Inductive Reasoning Activities for Kids

Instructor: Tawnya Eash

Tawnya has a master's degree in early childhood education and teaches all subjects at an elementary school.

Do you need some fun, engaging activities to teach your students about inductive reasoning? Look at this lesson for ways to teach young students how to use inductive reasoning.

Inductive Reasoning

Inductive reasoning is when you draw a general conclusion based off of certain observations that were made. The conclusion is not certain, but can most likely be true. For example, let's say Billy loves building sand castles, playing in the ocean, and collecting sea shells. With these details, you could use inductive reasoning to conclude that Billy probably enjoys the beach. Your conclusion is pretty likely.

However, some conclusions may not be true. For example, Billy is a boy who likes to play at the beach. Joey is a boy who likes to play at the beach. Using inductive reasoning, one might conclude that all boys enjoy the beach. This might not be true because many boys out there that don't enjoy the beach.

Check out some meaningful, engaging activities that you can use to help your students understand inductive reasoning.

Written in a Picture

In this activity, students get to look at various pictures of real life things and draw a general conclusion based off of the observations they make.


  • Pictures of various animals, sports, scenery, etc.
    • Enlarge the pictures and print them out for display with a projector
  • Writing paper or index cards
  • Pencils


1.) Students work individually or with a partner.

2.) Students make observations based off of pictures they see to come to a general conclusion.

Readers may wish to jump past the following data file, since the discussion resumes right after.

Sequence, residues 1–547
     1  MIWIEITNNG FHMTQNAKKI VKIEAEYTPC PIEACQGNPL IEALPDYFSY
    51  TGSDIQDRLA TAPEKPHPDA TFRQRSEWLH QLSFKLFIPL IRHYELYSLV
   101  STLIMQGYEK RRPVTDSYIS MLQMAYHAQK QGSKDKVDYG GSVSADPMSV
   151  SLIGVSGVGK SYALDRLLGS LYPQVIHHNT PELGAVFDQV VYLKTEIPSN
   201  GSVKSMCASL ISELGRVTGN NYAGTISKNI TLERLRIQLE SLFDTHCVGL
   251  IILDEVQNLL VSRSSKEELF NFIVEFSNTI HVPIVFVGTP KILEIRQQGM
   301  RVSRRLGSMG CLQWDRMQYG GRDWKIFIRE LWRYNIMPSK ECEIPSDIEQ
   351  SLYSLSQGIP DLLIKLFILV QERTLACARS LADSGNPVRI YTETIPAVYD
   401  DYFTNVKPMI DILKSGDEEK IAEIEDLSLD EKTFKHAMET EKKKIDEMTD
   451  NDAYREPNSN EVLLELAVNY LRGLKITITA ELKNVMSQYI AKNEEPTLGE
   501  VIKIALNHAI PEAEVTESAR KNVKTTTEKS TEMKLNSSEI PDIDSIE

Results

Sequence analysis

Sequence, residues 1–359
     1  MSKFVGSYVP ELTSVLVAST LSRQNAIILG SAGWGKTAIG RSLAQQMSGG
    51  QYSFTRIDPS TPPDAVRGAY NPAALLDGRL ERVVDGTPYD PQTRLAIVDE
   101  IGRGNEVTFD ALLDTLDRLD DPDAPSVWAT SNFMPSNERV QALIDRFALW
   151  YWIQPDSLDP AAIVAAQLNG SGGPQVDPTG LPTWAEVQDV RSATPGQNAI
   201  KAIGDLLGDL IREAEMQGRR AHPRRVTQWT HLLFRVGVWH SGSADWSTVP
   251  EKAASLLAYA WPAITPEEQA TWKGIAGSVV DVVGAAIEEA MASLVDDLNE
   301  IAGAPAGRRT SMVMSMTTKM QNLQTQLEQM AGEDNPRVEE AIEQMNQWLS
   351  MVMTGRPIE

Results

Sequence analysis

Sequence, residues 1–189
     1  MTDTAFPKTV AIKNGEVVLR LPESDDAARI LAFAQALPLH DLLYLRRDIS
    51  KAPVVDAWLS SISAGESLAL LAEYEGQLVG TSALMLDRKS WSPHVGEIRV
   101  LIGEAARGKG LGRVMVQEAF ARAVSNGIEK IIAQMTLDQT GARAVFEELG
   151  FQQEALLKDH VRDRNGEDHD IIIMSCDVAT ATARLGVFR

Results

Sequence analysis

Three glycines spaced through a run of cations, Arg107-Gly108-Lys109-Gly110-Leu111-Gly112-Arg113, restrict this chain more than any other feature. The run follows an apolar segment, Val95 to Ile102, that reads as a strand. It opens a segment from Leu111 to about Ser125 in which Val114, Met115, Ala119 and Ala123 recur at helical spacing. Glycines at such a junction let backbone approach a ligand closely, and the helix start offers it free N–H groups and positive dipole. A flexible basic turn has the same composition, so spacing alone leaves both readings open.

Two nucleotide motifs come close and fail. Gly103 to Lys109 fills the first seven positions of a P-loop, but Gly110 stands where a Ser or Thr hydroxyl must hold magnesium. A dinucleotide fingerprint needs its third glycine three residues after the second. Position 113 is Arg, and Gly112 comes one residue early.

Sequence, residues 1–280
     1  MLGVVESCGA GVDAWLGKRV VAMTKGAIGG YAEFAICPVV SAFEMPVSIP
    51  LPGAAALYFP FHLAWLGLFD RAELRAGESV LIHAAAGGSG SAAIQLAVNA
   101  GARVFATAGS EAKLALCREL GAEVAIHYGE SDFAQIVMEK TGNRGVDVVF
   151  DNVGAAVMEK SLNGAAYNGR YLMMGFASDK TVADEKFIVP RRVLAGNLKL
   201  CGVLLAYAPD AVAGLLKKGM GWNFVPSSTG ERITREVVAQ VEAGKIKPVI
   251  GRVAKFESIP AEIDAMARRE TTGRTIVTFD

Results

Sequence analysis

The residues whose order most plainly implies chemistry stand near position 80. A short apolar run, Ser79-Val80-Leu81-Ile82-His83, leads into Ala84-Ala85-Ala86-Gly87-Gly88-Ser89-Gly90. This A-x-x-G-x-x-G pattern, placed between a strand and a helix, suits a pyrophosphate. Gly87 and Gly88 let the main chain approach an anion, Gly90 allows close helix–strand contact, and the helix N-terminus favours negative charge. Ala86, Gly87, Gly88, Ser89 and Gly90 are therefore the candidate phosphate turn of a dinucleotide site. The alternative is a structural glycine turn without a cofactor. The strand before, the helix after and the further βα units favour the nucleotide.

Cat and rodent example:

Image of Cat and Rodent
cat and rodent

Observations: The cat is orange. The cat is about to pounce on the rodent.

General Conclusion: All orange cats pounce on rodents.

3.) Guide students through the first few examples. Then, allow them to make their own observations and conclusions.

4.) Observe students as they are completing this activity. Provide scaffolding as needed to help children collect observations and make a general conclusion.

5.) Share observations and conclusions as a class.

6.) Finally, discuss how the general conclusions may not hold true 100% or all of the time. Explain how with the cat and rodent example, some other colored cats may enjoy pouncing on rodents. Also, some orange colored cats may not be interested in pouncing on rodents at all.

Finish This Sentence

For this activity, students will receive sentence starters, or observations, that they can use to form a general conclusion that goes with the observations.


  • Prepared groups of sentences
    • At least 10 groups of sentences per student or partnership
    • Sentences could be typed, written, or displayed on a screen
  • Writing paper or notebooks
  • Pencils


1.) Have students work individually or with a partner.

2.) Students read groups of sentences that are observations. Then, students use those observations to practice making a general conclusion through inductive reasoning.

Example 1:

Provide students with observation sentences. The last sentence is the conclusion they generalize.

  • This green jellybean tastes like spearmint.
  • This green jellybean tastes like spearmint, too.
  • Therefore...

Example 2:

  • I saw a man on a unicycle in the park last Sunday.
  • I saw a man on a unicycle in the park this Sunday, too.
  • Therefore, next Sunday...

3.) Share all of the conclusions as a class. Discuss.

4.) Have students write a paragraph explaining why some of the general conclusions could be incorrect. Example: There could be many reasons why the man on the unicycle is not going to return on the third Sunday. Maybe he got sick.

Detective Work

In this activity, students get to work like detectives to see first-hand how important it is to base evidence off of facts, not just observations. Students will get to form a hypothesis to help solve a mystery.


  • Prepared sentence strips placed in envelopes for each group
    • Sentences can be written or types and should be phrased as observations not necessarily facts
    • Use at least two different mysteries in each envelope
  • Optional: throw in an extra envelope or two filled with sentence strips that throw off general conclusions
  • Journal/Notebook
  • Pencils


1.) Have students work in groups of 2-3.

2.) Give each group of students one envelope of sentence strips. The entire envelope will have all of the observations for each mystery.

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